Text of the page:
If you're a driving enthusiast who calculates slip angles, kvetches about the inability to fully defeat stability controls, obsesses over your last gymkhana performance, and regularly dials in steering with the sole of your right foot, this is not the small roadster for you (give BMW a call; the Z4 sDrive35is is waiting). However, if you're an enthusiast of driving -- be it spirited or casual, competitive or cruising -- the SLK350 is perhaps the most well rounded choice in its segment.
Is it quick? Yes -- the 3.5-liter V-6 gains direct fuel injection for 2012 and sees its output jump to 302 hp and 273 lb-ft of torque. Is it as frantic as the BMW? Not quite, and because it retains a conventional automatic transmission, gear changes aren't quite as snappy, either. But it is comfortable, far more so than the Z4. Suspension tuning is firm and the car offers plenty of grip yet manages to soak up the harshest asphalt and biggest potholes without chipping your vertebrae.
Better yet, it offers a stylish interior that's also pleasant to use on a daily basis. Cupholders are well placed, switchgear is cleanly arranged, and Benz's Comand control knob makes flipping through menus a breeze. Another thoughtful touch? The center console lid automatically locks itself when you lock the car, allowing its contents to remain secure, even when parked with the top down.
Is the BMW a little more fun to drive? Perhaps around a closed course, at least, but for those looking to enjoy open-sky motoring at its finest -- if not necessarily its fastest -- it's hard to beat this package.
Evan McCausland, Associate Web Editor
The exterior redesign of the new SLK is very handsome. The styling is not quite so cute as that of the old SLK -- the car's whole demeanor is now more aggressive, with a wider grille opening and hard lines on the flanks where there used to be soft curves. As one would expect from Mercedes, the two-tone leather and wood trim in the interior are top-notch, but I didn't really pay it that much attention, as sunny weather beckoned on the day I drove the SLK. The only problem was that it took me a while to find the button to lower the convertible top (it's located inside the center console bin). Perhaps it's placed there for security reasons, but it would be nice if it were somewhere on the dash or at the forward part of the center console, so that I didn't have to twist his or her torso awkwardly to lower the top.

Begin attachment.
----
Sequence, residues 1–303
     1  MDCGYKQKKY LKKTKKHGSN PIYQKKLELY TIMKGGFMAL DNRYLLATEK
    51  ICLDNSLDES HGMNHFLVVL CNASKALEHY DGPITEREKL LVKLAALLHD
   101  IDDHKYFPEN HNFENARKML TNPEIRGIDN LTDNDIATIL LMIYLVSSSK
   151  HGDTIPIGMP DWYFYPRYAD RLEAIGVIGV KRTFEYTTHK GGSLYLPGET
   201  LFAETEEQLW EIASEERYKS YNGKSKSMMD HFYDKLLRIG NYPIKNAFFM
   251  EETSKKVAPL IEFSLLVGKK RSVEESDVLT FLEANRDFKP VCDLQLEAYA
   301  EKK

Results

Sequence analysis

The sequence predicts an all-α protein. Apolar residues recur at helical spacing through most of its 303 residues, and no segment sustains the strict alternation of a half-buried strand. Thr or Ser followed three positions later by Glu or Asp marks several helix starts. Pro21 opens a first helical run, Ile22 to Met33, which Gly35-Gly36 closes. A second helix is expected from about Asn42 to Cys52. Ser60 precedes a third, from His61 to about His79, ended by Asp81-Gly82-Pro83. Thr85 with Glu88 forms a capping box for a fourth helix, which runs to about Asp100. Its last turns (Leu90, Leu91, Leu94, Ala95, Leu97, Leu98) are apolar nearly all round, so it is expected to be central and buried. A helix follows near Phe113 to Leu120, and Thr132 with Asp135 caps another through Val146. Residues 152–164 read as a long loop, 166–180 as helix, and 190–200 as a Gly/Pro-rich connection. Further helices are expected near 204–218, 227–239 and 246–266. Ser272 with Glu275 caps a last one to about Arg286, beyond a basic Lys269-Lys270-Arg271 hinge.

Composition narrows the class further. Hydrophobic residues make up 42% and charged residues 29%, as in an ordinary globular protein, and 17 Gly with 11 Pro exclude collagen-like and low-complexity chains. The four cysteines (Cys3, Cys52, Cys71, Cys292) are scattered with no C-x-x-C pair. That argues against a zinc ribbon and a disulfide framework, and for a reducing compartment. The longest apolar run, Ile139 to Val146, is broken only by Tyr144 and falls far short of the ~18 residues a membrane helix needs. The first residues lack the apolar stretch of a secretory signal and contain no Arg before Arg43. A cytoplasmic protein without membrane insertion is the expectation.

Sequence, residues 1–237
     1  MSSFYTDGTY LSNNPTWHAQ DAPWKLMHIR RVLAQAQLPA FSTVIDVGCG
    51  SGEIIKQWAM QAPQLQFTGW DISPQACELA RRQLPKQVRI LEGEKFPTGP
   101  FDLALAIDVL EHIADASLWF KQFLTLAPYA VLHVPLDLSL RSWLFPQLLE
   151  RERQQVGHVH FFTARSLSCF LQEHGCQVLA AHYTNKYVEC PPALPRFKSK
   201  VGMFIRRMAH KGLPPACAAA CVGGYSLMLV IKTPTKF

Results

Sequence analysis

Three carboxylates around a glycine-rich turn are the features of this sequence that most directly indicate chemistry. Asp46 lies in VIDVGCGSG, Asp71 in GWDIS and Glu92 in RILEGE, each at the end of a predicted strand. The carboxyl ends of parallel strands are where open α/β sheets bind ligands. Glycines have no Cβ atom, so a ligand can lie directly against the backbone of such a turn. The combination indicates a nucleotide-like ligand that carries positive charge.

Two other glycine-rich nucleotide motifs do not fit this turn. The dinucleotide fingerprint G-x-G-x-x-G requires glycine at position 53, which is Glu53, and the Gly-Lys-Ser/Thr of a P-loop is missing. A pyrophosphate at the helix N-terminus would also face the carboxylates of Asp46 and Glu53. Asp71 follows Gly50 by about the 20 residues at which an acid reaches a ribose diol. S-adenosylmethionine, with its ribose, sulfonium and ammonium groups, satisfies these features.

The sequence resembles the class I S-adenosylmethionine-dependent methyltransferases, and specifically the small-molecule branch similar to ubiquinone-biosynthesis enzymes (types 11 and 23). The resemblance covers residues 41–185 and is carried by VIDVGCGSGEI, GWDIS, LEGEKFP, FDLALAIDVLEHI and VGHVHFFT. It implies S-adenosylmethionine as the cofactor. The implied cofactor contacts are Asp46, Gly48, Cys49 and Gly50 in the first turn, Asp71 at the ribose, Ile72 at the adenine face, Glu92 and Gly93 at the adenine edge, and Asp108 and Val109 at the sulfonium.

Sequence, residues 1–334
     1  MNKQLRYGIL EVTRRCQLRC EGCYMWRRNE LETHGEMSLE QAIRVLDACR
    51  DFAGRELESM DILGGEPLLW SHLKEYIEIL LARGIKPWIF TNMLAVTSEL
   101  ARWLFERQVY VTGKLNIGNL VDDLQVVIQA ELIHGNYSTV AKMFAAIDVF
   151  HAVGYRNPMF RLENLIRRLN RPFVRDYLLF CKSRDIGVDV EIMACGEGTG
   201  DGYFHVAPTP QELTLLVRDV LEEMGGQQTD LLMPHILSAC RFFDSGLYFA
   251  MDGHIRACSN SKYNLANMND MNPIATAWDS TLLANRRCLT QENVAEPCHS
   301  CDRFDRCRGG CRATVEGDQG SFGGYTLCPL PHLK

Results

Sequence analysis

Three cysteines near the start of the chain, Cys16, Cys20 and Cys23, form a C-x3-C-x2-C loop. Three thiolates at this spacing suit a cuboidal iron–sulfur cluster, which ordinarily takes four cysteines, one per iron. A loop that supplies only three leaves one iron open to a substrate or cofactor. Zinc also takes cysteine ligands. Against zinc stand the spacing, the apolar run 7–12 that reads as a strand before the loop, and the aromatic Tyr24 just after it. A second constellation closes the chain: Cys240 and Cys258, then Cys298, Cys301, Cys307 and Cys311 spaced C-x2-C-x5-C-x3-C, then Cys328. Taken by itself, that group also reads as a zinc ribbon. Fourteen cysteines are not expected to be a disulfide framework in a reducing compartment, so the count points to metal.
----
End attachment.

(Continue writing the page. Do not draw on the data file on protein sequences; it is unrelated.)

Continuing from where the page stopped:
Other than that minor bit of nitpicking, the driving experience in the SLK is quite satisfying. The seven-speed automatic delivers the power of the V-6 engine smoothly, and if you want to shift for yourself, there are shift paddles mounted on the steering wheel (right for upshifts, left for downshifts). The ride is neither too firm nor too soft, and while you can't help but feel some of the bumps and irregularities in the road surface, they are nicely modulated.
Amy Skogstrom, Managing Editor
I really liked our test car's white paint over a tan and black interior. The new Magic Sky Control roof is super trick: simply push a button and the glass roof darkens or lightens instantly to either let the sun in or block it out. It's the latest chapter in Mercedes-Benz's continual obsession with improving every aspect of the open-air experience, a trend that began with the last-generation SLK's AirScarf, a feature that returns in the new SLK (warm air blows out of the headrest onto your neck). With the SLK's top and windows down, you can still hear the stereo well. I see that the SLK has the same groovy, flat-bottom steering wheel as the new CLS four-door coupe; it's a great steering wheel, just the right size and with the right amount of heft.
There's no question, the SLK is definitely sportier than before, yet it's more refined than the one-dimensional BMW Z4 roadster. Put the transmission in S for Sport mode, and you get strong, linear acceleration away from an intersection by simply stomping the gas pedal. Want to take more control? The shift paddles deliver downshifts pretty crisply. There's a great exhaust note, and a nice raspiness from the V-6. The car feels drum-tight when you bang over a series of railroad tracks, too.
Joe DeMatio, Deputy Editor
My disappointment could be seen in every mirror I looked in. My twelve hours in this car saw nothing but gray wet clouds. No topless activities for me to report on this fine little gem. This car is everything a Mercedes-Benz should be, in a tiny, very refined package. When I left the office and arrived at the gym, I was able to park next to an older black SLK. The contrast was dramatic both in the colors and in the lines of the cars. While doing cardio, I could see gearheads linger around the duo to contrast and compare. This is the first car I have been in that my Gulfstream G5 coffee mug would not fit into the cupholders. It is as if they were designed for a Red Bull can or some other slender beverage containers.
Kelly Murphy, Creative Director